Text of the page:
7 Health care costs force lowincome adults to make difficult trade-offs as they struggle to pay for care (Figure 11). Those with private coverage are the least likely to report cutting back on basic needs to pay for health care, which may be due to their higher incomes and better health. About one-quarter of the uninsured decrease their use of prescription drugs to save money, and that percentage rose to 36% when looking only at the uninsured in fair or poor health (data not shown). When low-income adults reduce prescription drug use, they risk serious health complications that may lead to expensive care in the future. Health care costs can have serious financial repercussions for adults who receive care that is not covered by insurance. Almost 30% of low-income uninsured adults have been contacted by a collection agency about medical bills in the past year. These medical debts can jeopardize their families credit history and can eventually lead to bankruptcy. Almost one in ten of all low-income adults said they had already filed for bankruptcy (data not shown) and previous research has reported that 27% of those filing for bankruptcy had medical bills exceeding $1,000 in the two years before bankruptcy. vi Medical bills can have a significant impact on low-income adults financial situations (Figure 12). Those in fair or poor health are much more likely to feel the impact of health care costs than those in better health. Even among those with insurance, more than 30% of those in fair or poor health report that their families medical bills have a major impact (only the difference between those with private coverage and the uninsured was statistically significant for 15% those in fair/poor health). Those with private insurance who are in fair or poor health may be struggling to pay deductibles and co-pays or may have found that some necessary medical services are not covered. Those on Medicaid, which typically has a much more generous coverage package than private insurance, may be paying for care for family members who are not eligible for the program. They may also be paying off medical bills from when they were not covered through the program, or they may need services that are not always covered by Medicaid. The uninsured are particularly vulnerable, 16% 21% All Figure 11 Effects of Health Care Costs on Low-Income Adults 27% 33% Spent less on food or other basic needs to pay for health care in past 12 months Private Medicaid/Other Public Uninsured 16% 12% 28% Contacted by a collection agency about medical bills in past 12 months Figure 12 Percentage of Low-Income Adults for whom Medical Bills Have Had a Major Financial Impact Private Medicaid/Other Public Uninsured 30% 31% 12% 36% 20% 47% Fair/Poor Health 24% Reduced Rx due to cost in past 12 months 7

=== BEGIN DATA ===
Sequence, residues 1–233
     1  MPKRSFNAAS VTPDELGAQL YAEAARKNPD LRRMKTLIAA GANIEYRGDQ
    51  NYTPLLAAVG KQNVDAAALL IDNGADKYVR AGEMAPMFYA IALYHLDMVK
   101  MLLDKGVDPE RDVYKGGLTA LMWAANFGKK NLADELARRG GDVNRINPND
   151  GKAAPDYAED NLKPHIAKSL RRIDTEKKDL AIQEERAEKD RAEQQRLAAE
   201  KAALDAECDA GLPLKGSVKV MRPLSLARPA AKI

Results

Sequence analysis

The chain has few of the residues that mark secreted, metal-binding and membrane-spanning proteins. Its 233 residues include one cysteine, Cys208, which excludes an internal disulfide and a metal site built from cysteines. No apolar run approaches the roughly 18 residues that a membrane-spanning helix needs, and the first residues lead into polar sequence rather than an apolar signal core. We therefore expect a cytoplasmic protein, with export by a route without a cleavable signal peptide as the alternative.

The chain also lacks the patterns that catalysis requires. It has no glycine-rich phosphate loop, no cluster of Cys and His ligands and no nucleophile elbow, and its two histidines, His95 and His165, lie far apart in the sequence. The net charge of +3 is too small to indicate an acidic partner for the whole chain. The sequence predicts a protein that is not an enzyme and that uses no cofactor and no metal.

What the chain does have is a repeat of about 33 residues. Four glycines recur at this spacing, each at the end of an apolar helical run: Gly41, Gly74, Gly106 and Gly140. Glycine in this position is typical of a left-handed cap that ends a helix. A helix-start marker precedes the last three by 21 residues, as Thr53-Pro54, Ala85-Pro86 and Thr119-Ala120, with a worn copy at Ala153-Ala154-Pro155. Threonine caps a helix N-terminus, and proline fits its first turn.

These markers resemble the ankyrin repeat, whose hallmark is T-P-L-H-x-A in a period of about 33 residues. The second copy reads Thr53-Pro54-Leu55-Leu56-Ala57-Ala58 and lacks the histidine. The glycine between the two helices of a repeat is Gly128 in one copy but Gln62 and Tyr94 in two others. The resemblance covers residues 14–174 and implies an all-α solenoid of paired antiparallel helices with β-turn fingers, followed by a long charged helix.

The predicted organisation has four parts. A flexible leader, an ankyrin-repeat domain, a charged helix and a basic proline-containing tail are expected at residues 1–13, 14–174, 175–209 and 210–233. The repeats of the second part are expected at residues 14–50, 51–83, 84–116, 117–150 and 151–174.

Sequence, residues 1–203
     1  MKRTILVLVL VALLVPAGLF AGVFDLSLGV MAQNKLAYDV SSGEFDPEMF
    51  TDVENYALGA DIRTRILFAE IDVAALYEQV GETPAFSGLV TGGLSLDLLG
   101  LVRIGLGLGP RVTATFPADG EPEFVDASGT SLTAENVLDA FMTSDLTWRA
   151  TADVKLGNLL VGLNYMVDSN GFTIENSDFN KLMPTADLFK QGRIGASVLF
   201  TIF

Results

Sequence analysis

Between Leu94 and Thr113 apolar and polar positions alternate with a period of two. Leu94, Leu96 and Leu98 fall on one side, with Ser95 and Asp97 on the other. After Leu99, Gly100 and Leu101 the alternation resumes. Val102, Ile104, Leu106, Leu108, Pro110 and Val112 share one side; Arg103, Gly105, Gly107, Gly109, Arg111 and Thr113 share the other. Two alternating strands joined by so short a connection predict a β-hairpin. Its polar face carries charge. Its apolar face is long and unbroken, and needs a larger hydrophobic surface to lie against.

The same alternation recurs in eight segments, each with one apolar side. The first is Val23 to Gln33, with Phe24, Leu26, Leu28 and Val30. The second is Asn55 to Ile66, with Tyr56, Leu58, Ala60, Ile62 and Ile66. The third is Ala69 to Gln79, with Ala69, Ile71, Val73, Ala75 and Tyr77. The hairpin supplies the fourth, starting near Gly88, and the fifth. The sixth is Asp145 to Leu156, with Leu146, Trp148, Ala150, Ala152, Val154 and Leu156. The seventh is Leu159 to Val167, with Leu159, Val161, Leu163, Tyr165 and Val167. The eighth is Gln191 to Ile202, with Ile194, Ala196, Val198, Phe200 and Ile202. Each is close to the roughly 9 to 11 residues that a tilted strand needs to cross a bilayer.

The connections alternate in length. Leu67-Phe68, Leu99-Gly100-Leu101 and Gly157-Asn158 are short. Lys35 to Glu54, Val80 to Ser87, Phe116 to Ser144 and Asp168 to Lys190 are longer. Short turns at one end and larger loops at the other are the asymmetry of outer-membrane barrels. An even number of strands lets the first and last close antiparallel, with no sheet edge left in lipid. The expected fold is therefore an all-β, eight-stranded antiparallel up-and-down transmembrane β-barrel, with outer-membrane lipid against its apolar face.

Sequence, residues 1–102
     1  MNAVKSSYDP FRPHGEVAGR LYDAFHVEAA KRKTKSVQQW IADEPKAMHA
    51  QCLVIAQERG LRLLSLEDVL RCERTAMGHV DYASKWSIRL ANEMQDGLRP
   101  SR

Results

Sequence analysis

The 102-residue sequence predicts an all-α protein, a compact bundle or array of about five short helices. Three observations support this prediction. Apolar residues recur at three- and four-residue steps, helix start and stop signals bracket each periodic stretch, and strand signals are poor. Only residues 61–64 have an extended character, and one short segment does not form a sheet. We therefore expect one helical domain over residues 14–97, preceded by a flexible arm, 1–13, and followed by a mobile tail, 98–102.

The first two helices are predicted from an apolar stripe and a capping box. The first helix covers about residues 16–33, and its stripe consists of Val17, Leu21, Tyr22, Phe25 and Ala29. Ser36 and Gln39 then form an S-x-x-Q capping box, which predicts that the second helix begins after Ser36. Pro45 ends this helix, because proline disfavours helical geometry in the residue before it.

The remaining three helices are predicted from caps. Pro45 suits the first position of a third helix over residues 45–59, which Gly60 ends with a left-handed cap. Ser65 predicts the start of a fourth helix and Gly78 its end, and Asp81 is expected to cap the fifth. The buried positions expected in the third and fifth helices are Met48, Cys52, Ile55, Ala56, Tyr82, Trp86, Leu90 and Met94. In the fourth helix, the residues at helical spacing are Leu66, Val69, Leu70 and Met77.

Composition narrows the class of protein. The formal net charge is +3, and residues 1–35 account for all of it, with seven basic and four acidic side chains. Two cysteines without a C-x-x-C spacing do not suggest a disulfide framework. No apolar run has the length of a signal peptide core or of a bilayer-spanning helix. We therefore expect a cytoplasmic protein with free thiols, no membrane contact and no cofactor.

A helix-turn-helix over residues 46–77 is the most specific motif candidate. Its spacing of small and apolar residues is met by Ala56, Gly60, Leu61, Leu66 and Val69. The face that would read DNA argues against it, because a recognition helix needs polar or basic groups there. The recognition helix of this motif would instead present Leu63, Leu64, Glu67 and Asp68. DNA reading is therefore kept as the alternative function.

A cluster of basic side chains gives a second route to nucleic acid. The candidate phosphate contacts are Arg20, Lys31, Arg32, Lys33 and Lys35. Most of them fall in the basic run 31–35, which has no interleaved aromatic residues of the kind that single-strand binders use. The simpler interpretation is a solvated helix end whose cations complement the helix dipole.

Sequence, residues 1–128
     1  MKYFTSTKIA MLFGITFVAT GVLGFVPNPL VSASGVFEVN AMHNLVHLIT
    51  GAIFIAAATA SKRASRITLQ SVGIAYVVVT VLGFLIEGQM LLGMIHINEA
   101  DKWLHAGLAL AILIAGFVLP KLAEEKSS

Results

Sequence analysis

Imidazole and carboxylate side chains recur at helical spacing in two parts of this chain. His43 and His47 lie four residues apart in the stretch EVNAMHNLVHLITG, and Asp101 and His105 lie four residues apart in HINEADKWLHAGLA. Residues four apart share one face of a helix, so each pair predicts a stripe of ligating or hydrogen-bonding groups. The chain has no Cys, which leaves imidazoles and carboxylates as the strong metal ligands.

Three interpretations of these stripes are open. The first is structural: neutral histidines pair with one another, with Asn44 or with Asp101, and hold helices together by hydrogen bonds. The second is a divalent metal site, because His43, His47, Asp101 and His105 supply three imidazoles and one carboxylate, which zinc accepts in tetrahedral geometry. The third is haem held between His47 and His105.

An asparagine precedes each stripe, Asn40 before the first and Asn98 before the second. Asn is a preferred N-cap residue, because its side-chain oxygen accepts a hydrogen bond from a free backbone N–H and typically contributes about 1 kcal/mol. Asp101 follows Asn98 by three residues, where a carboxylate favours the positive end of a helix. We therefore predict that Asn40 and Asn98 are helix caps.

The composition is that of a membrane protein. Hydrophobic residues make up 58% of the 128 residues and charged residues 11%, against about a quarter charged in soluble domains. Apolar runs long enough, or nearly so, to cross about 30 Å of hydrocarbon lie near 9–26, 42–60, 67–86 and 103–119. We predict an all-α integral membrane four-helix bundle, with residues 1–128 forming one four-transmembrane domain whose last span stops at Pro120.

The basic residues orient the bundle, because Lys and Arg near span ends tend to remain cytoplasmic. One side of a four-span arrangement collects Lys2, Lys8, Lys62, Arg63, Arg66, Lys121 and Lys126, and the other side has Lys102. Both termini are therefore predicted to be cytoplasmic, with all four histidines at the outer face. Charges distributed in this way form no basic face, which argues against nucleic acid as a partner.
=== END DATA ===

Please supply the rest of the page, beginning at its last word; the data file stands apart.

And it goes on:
8 since they have no coverage and also tend to be very low-income. About one-third of all uninsured adults face medical costs that significantly impact their finances. Conclusion Health insurance helps improve access to care for low-income adults and lessens the financial impact of health care costs. About 40% of low-income adults are uninsured, and these adults are lower income and in worse health than low-income adults with private coverage. Uninsured low-income adults are the least likely to have access to either preventive care or medical attention for more urgent health care needs. When low-income adults cannot get the medical care they need, their health often suffers. They often go without doctor s office visits and prescription drugs. When they do get care, that care is often very expensive and can have serious financial consequences for adults and their families. Almost 30% of low-income uninsured adults reported that a collection agency had called them in the past year about a medical bill. Although low-income adults on Medicaid are poorer and are in worse health than those with private coverage, their access to care is similar to those with private coverage. Medicaid also helps lessen the financial impact of illness on low-income adults. Despite the protections of health insurance, many low-income adults are still burdened with high health costs. Regardless of insurance status, low-income adults in fair or poor health are much more likely to feel the impact of those costs when compared to those in better health. This suggests that low-income adults need comprehensive and continuous health care coverage if they are to be able to afford care when they become sick without jeopardizing their family s finances. Recent proposals have suggested increasing cost sharing through health savings accounts for those with private insurance and through increased co-pays within Medicaid. These proposals may leave the low-income population with unaffordable health care bills or may lead them to forgo treatments even if they are insured. 8 00